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Lapping CPU?

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  • CPUs
  • Tuniq
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May 8, 2007 3:42:20 AM

HI all, I wanted to know if its a good idea to lap a CPU before using it? What if its a DOA? I have lapped my Tuniq Tower 120 (can see my face in it) and I know that my CPU is Not flat, its high around the four corners/concaved. Am I overreacting or should I just do it? Thanks

More about : lapping cpu

May 8, 2007 4:03:37 AM

Quote:
wanted to know if its a good idea to lap a CPU before using it? What if its a DOA?

They rarely are, but you can build a system, make sure everything is working right and then lap.
May 8, 2007 4:12:27 AM

help a brotha out... what the hell is lapping?
May 8, 2007 4:17:40 AM

Quote:
help a brotha out... what the hell is lapping?

Quote:
Polishing to a high sheen and flat surface, start out with large grit and work your way down, then finish up with polishing paste.


at the end it looks like this
May 8, 2007 4:17:52 AM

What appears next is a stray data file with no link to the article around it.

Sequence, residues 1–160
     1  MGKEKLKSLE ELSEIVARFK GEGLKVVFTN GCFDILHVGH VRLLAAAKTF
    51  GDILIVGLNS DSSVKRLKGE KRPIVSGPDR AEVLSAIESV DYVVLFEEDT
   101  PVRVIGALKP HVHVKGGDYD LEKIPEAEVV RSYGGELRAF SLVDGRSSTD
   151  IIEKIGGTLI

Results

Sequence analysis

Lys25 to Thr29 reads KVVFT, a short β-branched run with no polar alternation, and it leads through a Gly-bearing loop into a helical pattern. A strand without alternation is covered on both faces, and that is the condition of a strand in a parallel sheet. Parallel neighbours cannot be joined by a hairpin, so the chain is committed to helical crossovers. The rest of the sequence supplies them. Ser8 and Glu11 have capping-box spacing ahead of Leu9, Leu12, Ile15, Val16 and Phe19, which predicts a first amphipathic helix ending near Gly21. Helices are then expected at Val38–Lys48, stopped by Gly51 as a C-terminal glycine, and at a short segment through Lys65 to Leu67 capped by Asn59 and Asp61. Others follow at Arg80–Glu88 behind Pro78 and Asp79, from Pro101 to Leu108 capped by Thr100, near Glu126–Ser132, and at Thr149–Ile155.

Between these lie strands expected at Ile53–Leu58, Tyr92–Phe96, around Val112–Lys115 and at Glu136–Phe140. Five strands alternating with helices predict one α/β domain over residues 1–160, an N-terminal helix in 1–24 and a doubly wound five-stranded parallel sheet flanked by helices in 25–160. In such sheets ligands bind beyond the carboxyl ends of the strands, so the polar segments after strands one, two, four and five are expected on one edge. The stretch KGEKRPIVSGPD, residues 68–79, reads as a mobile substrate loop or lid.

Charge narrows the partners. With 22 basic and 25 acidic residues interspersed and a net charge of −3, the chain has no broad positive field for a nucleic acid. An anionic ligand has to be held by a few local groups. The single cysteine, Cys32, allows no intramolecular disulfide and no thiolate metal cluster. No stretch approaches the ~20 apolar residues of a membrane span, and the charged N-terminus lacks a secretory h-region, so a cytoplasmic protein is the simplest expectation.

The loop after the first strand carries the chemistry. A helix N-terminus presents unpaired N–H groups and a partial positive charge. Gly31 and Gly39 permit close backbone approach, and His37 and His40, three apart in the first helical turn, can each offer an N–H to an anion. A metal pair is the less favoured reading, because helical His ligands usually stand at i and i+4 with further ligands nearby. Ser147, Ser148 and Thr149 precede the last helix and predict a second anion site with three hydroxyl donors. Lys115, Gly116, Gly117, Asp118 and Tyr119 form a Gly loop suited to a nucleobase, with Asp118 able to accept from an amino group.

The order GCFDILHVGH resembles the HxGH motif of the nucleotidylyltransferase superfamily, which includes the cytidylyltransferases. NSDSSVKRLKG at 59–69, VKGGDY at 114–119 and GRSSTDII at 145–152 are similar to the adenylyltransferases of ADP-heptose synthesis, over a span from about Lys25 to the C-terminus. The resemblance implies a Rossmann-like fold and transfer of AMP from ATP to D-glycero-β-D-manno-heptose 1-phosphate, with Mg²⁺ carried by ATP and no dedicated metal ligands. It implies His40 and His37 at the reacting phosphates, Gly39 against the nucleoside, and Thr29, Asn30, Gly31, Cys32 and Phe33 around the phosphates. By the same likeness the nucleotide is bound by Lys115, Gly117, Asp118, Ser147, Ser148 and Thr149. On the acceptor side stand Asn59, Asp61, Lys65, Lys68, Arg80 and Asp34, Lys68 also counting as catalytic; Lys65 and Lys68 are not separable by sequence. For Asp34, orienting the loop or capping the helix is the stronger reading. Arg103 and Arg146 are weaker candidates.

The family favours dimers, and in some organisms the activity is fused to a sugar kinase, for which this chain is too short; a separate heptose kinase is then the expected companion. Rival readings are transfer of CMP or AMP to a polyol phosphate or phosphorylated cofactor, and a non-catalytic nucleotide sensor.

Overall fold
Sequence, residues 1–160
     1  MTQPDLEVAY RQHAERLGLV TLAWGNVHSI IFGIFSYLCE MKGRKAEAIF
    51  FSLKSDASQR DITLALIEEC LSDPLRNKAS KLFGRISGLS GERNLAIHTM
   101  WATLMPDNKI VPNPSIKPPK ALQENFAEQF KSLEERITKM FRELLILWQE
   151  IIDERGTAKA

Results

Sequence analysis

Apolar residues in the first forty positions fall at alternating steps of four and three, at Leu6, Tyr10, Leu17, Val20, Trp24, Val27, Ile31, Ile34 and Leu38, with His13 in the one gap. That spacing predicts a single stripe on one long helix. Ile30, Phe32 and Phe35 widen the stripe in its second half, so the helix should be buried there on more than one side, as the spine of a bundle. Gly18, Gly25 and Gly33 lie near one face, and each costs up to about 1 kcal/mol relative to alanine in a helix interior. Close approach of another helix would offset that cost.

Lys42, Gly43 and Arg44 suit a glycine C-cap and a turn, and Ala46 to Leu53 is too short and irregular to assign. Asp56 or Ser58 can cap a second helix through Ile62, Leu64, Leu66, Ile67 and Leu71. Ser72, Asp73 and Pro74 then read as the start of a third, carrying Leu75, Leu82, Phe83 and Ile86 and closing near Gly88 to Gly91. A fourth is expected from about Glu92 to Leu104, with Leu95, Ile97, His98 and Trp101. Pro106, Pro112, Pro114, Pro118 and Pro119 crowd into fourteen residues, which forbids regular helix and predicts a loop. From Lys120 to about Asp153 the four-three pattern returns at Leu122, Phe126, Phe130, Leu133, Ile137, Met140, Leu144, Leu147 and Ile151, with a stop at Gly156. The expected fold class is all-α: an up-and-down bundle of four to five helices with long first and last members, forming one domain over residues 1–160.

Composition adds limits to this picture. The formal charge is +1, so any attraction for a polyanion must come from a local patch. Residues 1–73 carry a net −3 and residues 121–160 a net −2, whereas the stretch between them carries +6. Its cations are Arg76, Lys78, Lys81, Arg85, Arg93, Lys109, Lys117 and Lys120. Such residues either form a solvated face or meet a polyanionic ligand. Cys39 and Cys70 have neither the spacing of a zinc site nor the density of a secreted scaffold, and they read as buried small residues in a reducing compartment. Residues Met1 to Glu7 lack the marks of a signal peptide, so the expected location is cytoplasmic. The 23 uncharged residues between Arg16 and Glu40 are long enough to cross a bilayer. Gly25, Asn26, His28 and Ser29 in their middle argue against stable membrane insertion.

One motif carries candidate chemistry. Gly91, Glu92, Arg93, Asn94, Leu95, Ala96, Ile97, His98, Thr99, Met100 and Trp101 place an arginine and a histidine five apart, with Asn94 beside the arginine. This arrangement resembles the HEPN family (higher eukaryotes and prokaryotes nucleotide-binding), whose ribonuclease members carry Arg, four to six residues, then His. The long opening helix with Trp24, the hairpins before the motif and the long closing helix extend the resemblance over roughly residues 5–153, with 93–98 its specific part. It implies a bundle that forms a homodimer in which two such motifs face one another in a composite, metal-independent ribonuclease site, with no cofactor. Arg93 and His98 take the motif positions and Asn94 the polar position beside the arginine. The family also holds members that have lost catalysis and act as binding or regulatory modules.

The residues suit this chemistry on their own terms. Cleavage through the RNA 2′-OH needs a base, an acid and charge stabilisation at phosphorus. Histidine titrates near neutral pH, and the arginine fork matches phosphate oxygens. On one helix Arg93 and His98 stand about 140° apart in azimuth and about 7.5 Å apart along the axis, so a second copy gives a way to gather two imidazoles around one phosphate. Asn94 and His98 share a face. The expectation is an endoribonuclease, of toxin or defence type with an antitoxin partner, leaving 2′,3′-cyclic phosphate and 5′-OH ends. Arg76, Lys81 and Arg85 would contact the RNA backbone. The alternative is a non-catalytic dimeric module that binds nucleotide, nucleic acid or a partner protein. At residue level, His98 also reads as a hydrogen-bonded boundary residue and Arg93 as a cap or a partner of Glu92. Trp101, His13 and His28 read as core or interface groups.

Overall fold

Seems like a lot to risk for a cooler temp.
May 8, 2007 4:18:50 AM

no risk, just voiding the warranty
May 8, 2007 4:25:45 AM

I guess I wouldn't risk it to void the warranty. Especially if the cpu was one of the newer, $400+ cpu. Thanks for the lesson on lapping
May 8, 2007 4:37:05 AM

Why don't amd and intel just make the heatspreaders flat to begin with? It can't be that much more expensive to do that. I guess it just takes too mcuh time for them.....
May 8, 2007 4:39:25 AM

To lap my HSF I used a thick piece of tempered glass then put some 800 grit with some water under the sandpaper so it won't move around. How thick is the heatspreader on the CPU? I am considering doing it...
May 8, 2007 5:13:19 AM

There would be difficulty in placing required information on the CPU if the chips came prelaped. All the identifiers would have to go on the underside. Quite a feat for AMD to accomplish, and for Intel chips, they'd have to be mighty creative to do it.
May 8, 2007 5:21:41 AM

I lapped my notebook's P4 and temperature drop by few degrees only. Unless your CPU heatspreader is not leveled there shouldn't be a need to do it. But it takes time for a good lapping
May 8, 2007 5:46:21 AM